On Friday April 24, the Governor’s Office of Emergency Services started construction of a 100-bed alternative care site at Redwood Acres Fairground. The site is being set up “to treat non-critical patients in the event that local hospitals are severely impacted by a COVID-19 surge,” a post on the HumCo COVID Facebook page reads.
During a forum this past Thursday, Deputy Health Officer Josh Ennis displayed a slide show that estimates Humboldt County’s COVID-19 peak to take place in November or December of this year if current shelter-in-place orders remain the same. According to Ennis’s presentation, the county should expect a surge of about 145 hospital beds, 64 ICU beds, the need for 34 ventilators and a prediction of 28 deaths if current precautions are maintained.
“If we leave everything in place, this is what we’ll see,” Ennis said.
After this slide was shown, Lost Coast Outpost Editor Hank Sims asked for Ennis to clarify the slide, stating that it seems a bit confusing on why we should be expecting a surge in cases in eight months, especially because of the recent flatlining of cases.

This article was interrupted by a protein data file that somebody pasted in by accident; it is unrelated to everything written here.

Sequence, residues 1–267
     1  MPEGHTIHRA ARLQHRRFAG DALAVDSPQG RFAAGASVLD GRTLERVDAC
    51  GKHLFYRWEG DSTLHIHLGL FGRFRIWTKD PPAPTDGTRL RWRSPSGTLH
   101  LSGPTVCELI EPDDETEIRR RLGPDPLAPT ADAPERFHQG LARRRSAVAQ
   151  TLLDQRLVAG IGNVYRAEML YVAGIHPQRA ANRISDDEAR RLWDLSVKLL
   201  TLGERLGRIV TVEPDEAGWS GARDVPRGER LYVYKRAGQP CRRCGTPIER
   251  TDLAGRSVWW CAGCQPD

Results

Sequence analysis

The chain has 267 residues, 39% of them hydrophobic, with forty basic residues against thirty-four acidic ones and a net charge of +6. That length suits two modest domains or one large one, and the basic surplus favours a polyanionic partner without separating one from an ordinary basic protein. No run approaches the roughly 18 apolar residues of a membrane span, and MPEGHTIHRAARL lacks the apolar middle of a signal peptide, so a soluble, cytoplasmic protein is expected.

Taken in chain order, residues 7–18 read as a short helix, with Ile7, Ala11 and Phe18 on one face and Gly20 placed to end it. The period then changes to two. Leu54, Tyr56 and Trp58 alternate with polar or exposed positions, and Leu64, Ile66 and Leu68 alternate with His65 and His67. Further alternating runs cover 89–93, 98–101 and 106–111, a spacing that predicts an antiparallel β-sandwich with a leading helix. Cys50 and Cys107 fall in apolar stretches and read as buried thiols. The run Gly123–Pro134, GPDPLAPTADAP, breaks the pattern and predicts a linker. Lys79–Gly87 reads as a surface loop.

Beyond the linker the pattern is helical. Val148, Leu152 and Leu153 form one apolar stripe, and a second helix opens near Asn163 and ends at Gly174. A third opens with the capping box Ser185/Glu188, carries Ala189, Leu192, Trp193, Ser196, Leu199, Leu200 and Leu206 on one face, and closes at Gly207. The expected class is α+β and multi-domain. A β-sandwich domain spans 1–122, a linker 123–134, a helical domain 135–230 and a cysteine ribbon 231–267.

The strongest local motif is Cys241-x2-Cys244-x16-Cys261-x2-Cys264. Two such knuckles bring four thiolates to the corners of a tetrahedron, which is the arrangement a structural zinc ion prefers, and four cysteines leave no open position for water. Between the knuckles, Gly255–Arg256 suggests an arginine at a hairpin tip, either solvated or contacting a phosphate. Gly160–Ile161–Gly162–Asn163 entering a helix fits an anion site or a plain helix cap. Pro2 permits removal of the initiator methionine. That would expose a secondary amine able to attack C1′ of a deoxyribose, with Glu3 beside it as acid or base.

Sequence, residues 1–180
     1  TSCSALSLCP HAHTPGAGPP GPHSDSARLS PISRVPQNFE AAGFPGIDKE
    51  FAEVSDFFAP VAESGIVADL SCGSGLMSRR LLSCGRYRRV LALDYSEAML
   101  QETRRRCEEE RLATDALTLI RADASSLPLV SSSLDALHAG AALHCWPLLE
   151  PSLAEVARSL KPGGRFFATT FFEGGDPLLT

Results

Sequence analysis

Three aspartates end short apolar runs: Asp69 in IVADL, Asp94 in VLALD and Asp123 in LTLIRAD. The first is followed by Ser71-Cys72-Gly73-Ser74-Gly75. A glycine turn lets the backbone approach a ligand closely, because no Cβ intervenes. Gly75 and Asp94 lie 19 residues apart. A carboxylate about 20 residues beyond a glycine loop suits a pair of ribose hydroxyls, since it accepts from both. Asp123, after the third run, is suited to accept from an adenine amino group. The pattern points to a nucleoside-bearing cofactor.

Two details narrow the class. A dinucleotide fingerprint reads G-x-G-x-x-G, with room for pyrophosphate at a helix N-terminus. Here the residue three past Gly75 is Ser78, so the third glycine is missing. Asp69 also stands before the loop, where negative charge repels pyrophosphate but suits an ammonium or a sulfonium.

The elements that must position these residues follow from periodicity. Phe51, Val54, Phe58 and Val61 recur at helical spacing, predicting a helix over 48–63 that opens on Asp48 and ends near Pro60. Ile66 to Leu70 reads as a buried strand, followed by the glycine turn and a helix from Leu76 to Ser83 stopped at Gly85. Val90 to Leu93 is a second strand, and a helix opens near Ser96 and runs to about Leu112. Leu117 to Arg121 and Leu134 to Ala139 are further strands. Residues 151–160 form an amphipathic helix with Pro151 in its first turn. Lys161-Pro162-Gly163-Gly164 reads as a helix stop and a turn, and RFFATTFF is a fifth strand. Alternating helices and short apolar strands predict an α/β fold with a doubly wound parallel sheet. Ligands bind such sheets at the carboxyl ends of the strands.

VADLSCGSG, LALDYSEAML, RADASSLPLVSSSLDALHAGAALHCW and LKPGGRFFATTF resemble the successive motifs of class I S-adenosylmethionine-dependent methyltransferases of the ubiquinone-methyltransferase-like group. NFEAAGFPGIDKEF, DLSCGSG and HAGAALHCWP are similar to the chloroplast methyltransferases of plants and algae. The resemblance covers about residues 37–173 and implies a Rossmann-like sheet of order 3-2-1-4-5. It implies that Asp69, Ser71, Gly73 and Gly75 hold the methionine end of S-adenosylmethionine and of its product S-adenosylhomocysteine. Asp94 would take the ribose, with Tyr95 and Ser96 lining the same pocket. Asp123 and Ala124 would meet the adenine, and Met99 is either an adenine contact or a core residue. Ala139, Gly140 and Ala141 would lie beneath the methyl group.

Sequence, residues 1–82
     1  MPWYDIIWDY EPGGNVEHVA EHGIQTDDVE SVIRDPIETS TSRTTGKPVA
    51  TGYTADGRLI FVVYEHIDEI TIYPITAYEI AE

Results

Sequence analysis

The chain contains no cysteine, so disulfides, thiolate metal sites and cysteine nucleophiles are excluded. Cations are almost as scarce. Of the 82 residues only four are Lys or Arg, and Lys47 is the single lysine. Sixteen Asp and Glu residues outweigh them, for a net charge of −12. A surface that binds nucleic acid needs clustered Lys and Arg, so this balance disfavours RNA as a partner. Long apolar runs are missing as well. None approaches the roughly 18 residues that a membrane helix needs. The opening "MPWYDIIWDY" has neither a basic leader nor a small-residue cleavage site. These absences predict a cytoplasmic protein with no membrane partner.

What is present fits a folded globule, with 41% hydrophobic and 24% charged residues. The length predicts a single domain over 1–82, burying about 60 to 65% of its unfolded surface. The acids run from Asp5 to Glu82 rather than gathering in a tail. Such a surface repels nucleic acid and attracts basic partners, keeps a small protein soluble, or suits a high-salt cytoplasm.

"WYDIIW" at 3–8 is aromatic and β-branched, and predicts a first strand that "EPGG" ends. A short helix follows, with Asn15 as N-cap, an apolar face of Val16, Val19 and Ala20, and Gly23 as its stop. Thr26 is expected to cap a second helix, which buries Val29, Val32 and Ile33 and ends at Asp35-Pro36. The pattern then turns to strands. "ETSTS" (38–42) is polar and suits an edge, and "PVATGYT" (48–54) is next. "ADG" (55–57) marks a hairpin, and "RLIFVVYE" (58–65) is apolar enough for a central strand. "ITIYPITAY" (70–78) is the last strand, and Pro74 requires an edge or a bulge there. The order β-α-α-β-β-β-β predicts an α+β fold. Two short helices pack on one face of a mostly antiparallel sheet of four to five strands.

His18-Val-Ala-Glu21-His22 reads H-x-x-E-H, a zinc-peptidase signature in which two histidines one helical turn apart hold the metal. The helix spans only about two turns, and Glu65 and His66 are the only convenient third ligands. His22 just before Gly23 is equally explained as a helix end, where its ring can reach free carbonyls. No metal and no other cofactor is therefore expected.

Ennis essentially said that Humboldt County is not a completely sealed off and closed-loop system. There are people still moving about and outsiders coming and going and because of this, spread is going to continue.
“We don’t live in a vacuum,” Ennis said. “People are coming in and out, people are moving around still, people are in homes potentially exposing family members…. We don’t have the ability to test everyone we want to test and so there is low-level circulation out in the community.”
So given the need for more hospital beds and the underlying community transmission still taking place, Ennis said he has been working with local hospitals and the state to build up reserves for when a surge does take place. This new 100-bed alternative care site appears to be one of those needed resources to help prevent a more severe scenario. Ennis said local hospitals are currently working on tripling their capacity to treat for ICU patients as well.
Public Health Officer Dr. Teresa Frankovich said the current modeling is the best one they have available for now and that county officials will keep an eye on how the actual numbers relate to the model itself.
“I think as we move forward we have to keep in mind there are huge consequences if rural areas play out like this,” Dr. Frankovich said in regard to lifting all precautions on May 1 which could increase the number of hospital bed needs to 976, ICU patients to 408 with 251 on ventilators and possibly 188 deaths.
“Again this is the best information we have and we just have to have an understanding that going forward we are going to be navigating the place between those curves and basically trying to conserve lives and never overwhelm our healthcare system.”